Ryley greeted me at the Lynchburg airport with coffee in hand (because she knows my heart)-a lovely invention called “Christmas in a Cup.” I think it said it had notes of hot buttered rum and cinnamon in it. Highly addictive. Joe Beans, come to Austin please.

             Because I am more of a Texan than I even realized, we cooked migas our first night. And then because I am truly a breakfast person, we ate eggs of some form for almost every meal thereafter.  It snowed during my stay, so we spent a lot of time cozied up with books and journals and coffee cups, talking about all the things we don’t have time to talk about on the phone, venturing out to stomp through the snow and take pictures, and then ending with hockey games.

            I dislike sports. I. LOVE. Hockey. It’s fast-paced. It’s easy to follow. The majority of the players were Canadian. And there’s none of this faking an injury and making a scene business like in basketball. I saw a guy get rammed up against the glass, flip over, get back up and speed down the rink. Now that’s athleticism. I also got a gigantic salty pretzel. All the wins.

           AND SPEAKING OF CANADA. Were we speaking of Canada? I don't know. There are these things called Nanaimo bars and they are… a revelation. Picture a no-bake cookie base using shredded coconut instead of oats, a thick layer of buttercream frosting, capped with a thin little sheet of chocolate, and then multiply the deliciousness you’re picturing times like, five. Ryley’s beau’s parents brought them from Canada and may I say, that is probably why the French and English had so much conflict in the colonial days. The Brits wanted the Nanaimo bars, not the territory! Come on… *reader rolls eyes at lame history reference.*

So, all in all, the trip was amazing. I met up with my friend Heather randomly in the Charlotte airport and it turned out we were on the same flight! Then I sat by a guy who gave me the list of all the best Indian food restaurants in Austin and showed me pictures from his family vacations to Patagonia and New Zealand. And then he proceeded to snore the rest of the flight away while I read Mindy Kaling’s book.

I have never been happier to see Robin in my entire life. Absence does indeed make the heart grow fonder but I never want to be absent for that long ever again. I love my Bird too much. And he brought P.Terry’s. ;)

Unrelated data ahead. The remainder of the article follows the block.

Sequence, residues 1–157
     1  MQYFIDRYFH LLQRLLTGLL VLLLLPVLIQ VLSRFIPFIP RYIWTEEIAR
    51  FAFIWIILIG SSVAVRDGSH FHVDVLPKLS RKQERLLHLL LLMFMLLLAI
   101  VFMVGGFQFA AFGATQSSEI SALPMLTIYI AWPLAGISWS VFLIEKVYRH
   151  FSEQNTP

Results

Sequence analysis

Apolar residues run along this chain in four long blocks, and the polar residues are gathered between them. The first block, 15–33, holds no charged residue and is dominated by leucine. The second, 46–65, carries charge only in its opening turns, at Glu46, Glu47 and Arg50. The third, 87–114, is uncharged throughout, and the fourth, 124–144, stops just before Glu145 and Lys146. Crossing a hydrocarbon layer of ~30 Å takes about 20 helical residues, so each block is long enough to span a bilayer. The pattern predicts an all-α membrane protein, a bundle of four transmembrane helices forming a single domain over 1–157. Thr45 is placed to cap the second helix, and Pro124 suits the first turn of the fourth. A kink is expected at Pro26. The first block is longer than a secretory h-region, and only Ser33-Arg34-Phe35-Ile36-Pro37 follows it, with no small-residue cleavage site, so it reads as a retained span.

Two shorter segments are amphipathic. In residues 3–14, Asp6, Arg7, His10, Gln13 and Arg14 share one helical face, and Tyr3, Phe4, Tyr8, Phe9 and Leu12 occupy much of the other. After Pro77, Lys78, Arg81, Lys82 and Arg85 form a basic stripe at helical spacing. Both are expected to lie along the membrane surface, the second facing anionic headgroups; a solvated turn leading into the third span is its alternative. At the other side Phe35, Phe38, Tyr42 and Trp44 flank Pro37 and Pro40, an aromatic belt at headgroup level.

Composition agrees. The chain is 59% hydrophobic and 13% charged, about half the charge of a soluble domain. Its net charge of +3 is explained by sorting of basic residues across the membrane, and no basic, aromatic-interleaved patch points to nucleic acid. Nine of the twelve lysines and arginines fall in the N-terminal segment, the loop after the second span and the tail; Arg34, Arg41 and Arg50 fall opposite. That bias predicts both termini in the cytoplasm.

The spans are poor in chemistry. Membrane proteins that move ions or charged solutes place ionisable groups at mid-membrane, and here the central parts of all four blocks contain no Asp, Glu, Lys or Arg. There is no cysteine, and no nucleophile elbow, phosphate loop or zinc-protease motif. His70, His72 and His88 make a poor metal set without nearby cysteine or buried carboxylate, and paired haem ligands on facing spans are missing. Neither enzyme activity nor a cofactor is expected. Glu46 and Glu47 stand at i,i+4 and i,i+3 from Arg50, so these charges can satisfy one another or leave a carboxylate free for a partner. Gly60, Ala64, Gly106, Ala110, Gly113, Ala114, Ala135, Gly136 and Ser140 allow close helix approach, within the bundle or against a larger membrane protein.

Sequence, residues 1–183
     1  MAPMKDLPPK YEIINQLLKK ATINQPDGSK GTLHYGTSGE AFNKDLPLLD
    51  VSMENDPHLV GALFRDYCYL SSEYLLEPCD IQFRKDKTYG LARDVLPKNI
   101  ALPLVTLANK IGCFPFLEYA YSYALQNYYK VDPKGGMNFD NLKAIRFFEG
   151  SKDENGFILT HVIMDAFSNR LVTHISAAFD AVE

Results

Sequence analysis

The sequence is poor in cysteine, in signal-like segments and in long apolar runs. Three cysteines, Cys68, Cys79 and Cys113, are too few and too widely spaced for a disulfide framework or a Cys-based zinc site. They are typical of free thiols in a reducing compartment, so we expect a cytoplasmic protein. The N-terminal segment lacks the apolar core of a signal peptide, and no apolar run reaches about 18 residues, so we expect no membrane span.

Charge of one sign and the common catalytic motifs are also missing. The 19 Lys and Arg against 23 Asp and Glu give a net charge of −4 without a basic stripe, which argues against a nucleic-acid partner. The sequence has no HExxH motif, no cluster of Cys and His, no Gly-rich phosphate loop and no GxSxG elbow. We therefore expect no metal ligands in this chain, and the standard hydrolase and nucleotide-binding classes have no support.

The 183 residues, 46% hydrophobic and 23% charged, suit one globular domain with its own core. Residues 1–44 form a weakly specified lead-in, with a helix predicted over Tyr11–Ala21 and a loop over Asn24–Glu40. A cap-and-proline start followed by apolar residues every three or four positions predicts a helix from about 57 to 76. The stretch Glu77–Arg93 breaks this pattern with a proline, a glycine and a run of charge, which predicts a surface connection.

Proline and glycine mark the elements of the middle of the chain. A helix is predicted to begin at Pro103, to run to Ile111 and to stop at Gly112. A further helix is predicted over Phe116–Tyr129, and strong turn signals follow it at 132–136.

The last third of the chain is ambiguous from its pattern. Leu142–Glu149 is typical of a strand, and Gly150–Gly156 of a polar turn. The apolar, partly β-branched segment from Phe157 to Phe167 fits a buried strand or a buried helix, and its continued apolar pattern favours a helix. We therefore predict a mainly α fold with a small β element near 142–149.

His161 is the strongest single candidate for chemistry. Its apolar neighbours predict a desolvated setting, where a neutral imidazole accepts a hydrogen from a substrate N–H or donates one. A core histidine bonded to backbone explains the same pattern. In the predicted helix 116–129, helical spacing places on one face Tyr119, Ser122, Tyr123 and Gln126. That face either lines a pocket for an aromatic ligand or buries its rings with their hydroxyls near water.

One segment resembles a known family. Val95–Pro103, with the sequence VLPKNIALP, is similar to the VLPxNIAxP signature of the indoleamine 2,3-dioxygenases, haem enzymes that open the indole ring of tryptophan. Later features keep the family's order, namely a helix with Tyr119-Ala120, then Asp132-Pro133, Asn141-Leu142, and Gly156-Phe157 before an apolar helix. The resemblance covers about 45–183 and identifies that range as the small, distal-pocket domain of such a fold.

And now without further ado...

EGGS, Two Ways:

Veggie Egg Scramble

Serves 2
3 corn tortillas, cut into 1” pieces
2 Tbsp olive oil
3 diced small bell peppers, or ½ of a large one
A good handful of fresh spinach leaves
5 eggs, beaten
2 Tbsp. milk
¼ c. picante or other salsa
Salt and coarsely ground pepper, to taste

Warm oil in a large non-stick skillet over medium heat. Once oil is shimmering, add tortilla pieces in a single layer. Flip the tortilla pieces once they have started to crisp and add the diced bell peppers. After the tortillas have crisped on the other side and the bell peppers are softened, push them to the perimeter and put the spinach in the center of the skillet. Reduce heat to medium low and let spinach wilt. Mix together the beaten eggs with the milk and salsa. Pour over the tortilla mixture. Stir occasionally with a wooden spoon as eggs set up. Divide between two plates, salt and pepper to taste. Eat with mismatched forks and laugh a lot. (optional: garnish with feta)

 Feta Eggs on Toast
Serves 1

A small pat of butter
2 eggs, beaten
1 Tbsp. milk
Crumbled Feta, to taste
Salt and pepper, to taste
Multi-grain toast

Warm butter in the pan. No skimping. It’s snowing. Butter will help you insulate. Mix eggs with milk and reduce heat to low. It will look like nothing is happening. Just be patient. Stir occasionally with rubber spatula. When the eggs have formed into lovely little eggy clouds but are still a bit runny, fold in your feta cheese. Pepper generously. Add a little salt too. Serve over lightly buttered toast with several cups of good coffee.